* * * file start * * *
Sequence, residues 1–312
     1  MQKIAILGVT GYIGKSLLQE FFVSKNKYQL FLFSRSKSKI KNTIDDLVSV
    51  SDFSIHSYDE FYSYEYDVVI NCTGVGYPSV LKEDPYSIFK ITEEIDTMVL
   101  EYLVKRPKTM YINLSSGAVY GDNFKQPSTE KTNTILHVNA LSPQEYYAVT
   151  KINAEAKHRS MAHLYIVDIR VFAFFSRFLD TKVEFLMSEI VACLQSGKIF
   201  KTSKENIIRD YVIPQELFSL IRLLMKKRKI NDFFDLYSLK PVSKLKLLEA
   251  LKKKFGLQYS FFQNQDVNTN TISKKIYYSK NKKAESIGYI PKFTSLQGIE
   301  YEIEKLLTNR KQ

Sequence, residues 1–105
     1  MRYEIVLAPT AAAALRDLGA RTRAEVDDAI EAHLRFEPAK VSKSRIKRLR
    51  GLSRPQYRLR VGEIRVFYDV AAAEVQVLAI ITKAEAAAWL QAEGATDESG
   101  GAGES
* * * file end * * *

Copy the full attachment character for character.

Sequence, residues 1–312
     1  MQKIAILGVT GYIGKSLLQE FFVSKNKYQL FLFSRSKSKI KNTIDDLVSV
    51  SDFSIHSYDE FYSYEYDVVI NCTGVGYPSV LKEDPYSIFK ITEEIDTMVL
   101  EYLVKRPKTM YINLSSGAVY GDNFKQPSTE KTNTILHVNA LSPQEYYAVT
   151  KINAEAKHRS MAHLYIVDIR VFAFFSRFLD TKVEFLMSEI VACLQSGKIF
   201  KTSKENIIRD YVIPQELFSL IRLLMKKRKI NDFFDLYSLK PVSKLKLLEA
   251  LKKKFGLQYS FFQNQDVNTN TISKKIYYSK NKKAESIGYI PKFTSLQGIE
   301  YEIEKLLTNR KQ

Sequence, residues 1–105
     1  MRYEIVLAPT AAAALRDLGA RTRAEVDDAI EAHLRFEPAK VSKSRIKRLR
    51  GLSRPQYRLR VGEIRVFYDV AAAEVQVLAI ITKAEAAAWL QAEGATDESG
   101  GAGES